Senate Republicans and their allies have been insisting that their health care plan would not hurt low-income Americans.
The Congressional Budget Office has called B.S. on that claim.
On Monday, the agency issued its official report on the Better Care Reconciliation Act, the bill Senate Majority Leader Mitch McConnell (R-Ky.) has said he hopes to bring to a vote later this week.
Analyses of health policy can be difficult to decipher, and experts will be poring over this CBO report for days. But the agency helpfully included some charts ― and two in particular tell the whole story about who would benefit from the bill and who wouldn’t.
Low-income Americans, it turns out, wouldn’t fare very well.
The bill is a giant transfer of resources, from poor to rich
Page 5 of the report has a chart breaking down the major ways that the Senate bill would change federal revenue and spending.
The two big sources of new savings ― that’s the two big bars pointing left ― come from lower spending on programs to help people get health insurance.
There’s a big cut to Medicaid, the federal-state program for low-income people, which the Affordable Care Act expanded so that more able-bodied adults and children now qualify. The Senate bill would roll back that expansion of eligibility, and then change its funding formula in ways that would limit federal contributions over time ― eventually affecting everybody who qualifies, including the disabled and elderly, as states reacted by cutting who or what their Medicaid programs covered.
That amounts to $772 billion less in spending over 10 years, the CBO says.
The Senate bill also calls for providing smaller tax credits to people buying coverage on their own ― enough to reduce federal spending by another $408 billion. Those tax credits are available to people with incomes up to four times the poverty line, or $98,400 in annual income for a family of four, but the majority of tax credit money goes to the working poor and lower middle class.
On the other side of the ledger, the CBO finds that the federal government would lose $210 billion in revenue because the Senate bill would eliminate penalties, including the individual mandate that has people paying extra taxes if they opt not to get health insurance.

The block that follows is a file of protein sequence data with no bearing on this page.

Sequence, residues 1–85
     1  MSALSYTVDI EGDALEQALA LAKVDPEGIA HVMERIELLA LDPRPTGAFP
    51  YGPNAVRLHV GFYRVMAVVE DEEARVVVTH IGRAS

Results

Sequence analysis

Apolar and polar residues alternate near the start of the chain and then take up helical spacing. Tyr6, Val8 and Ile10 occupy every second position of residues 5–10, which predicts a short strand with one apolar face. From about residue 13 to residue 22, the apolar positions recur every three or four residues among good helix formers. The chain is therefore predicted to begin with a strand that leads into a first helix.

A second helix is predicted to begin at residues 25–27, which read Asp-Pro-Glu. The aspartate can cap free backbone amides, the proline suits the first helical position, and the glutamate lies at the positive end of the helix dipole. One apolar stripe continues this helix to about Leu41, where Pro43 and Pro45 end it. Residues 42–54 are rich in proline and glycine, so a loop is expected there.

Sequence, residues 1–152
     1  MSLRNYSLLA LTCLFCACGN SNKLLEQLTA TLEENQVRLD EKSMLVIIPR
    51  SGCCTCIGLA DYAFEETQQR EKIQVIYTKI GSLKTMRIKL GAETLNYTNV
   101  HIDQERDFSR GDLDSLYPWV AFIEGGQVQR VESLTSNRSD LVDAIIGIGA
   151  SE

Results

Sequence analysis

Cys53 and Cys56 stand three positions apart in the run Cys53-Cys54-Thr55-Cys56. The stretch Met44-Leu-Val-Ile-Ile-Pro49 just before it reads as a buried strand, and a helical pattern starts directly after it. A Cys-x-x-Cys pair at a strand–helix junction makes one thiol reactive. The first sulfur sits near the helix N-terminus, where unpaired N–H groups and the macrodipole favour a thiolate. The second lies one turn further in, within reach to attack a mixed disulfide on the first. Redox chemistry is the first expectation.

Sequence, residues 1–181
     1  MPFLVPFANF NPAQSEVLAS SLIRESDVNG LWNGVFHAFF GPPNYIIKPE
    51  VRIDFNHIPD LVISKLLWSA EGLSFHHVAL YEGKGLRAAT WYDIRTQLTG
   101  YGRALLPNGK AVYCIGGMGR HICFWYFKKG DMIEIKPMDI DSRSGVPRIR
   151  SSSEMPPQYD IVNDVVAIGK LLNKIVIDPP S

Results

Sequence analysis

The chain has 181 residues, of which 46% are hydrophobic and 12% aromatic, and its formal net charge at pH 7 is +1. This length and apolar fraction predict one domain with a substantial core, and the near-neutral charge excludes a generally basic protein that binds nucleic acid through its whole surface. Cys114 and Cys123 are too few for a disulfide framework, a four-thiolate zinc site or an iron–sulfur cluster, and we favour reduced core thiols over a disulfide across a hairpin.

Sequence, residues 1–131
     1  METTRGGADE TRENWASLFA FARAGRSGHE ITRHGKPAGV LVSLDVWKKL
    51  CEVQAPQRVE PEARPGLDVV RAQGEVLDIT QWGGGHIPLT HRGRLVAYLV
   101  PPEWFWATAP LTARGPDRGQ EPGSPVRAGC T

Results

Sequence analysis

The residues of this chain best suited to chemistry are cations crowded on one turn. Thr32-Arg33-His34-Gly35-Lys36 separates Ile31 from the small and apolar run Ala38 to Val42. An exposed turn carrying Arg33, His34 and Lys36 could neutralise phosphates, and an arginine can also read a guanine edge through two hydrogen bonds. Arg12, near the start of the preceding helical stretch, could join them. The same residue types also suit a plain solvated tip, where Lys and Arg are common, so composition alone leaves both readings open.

In addition, the CBO records $541 billion in declining revenue from tax cuts, including income taxes that Obamacare imposed exclusively on the wealthy.
So the poor and middle class would get less help paying for insurance, and the wealthy would get a tax cut. In the end, the CBO says, the changes leave $321 billion unspent. That’s money that would reduce the budget deficit.
Coverage drops for everybody, especially the old and poor
Draining $1 trillion from federal health programs is bound to have an impact. By 2026, the CBO says, the number of people without health insurance would be 22 million higher than it would be if the Affordable Care Act were still in place.
That’s a lot of people, obviously ― enough to drag the proportion of U.S. residents without coverage down to 82 percent from 90 percent. But it doesn’t affect everybody in the population evenly. The increase among older people at lower incomes would be proportionately larger than for other age and income groups, the CBO found.
This isn’t terribly surprising. The law gives insurers more leeway to vary premiums by age ― charging older people more and younger people less ― and its tax credits aren’t designed to offset that effect in the way the Affordable Care Act’s tax credits do.
Senate Republicans might well believe these results are a worthwhile price to pay for what they consider their proposal’s upsides, whether that’s easing the tax burden on the wealthy, generally reducing the footprint of government or ending Obamacare’s individual mandate.
But they’ve gone out of the way to insist the bill won’t hurt the most economically vulnerable people in America when it’s very clear it would do just that. Just look at the pictures.